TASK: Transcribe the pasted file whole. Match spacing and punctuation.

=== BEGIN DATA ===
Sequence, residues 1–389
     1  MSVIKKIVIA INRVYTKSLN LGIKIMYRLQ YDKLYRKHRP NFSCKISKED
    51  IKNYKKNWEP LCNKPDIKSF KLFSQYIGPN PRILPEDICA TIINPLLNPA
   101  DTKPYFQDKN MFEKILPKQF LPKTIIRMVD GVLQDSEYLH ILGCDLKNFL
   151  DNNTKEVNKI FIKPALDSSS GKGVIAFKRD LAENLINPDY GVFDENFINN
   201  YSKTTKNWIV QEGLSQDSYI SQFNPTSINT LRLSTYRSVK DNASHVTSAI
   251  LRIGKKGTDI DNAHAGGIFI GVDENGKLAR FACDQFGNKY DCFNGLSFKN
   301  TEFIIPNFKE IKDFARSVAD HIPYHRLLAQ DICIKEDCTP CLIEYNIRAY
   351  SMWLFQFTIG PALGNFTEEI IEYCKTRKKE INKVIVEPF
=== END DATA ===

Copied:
Sequence, residues 1–389
     1  MSVIKKIVIA INRVYTKSLN LGIKIMYRLQ YDKLYRKHRP NFSCKISKED
    51  IKNYKKNWEP LCNKPDIKSF KLFSQYIGPN PRILPEDICA TIINPLLNPA
   101  DTKPYFQDKN MFEKILPKQF LPKTIIRMVD GVLQDSEYLH ILGCDLKNFL
   151  DNNTKEVNKI FIKPALDSSS GKGVIAFKRD LAENLINPDY GVFDENFINN
   201  YSKTTKNWIV QEGLSQDSYI SQFNPTSINT LRLSTYRSVK DNASHVTSAI
   251  LRIGKKGTDI DNAHAGGIFI GVDENGKLAR FACDQFGNKY DCFNGLSFKN
   301  TEFIIPNFKE IKDFARSVAD HIPYHRLLAQ DICIKEDCTP CLIEYNIRAY
   351  SMWLFQFTIG PALGNFTEEI IEYCKTRKKE INKVIVEPF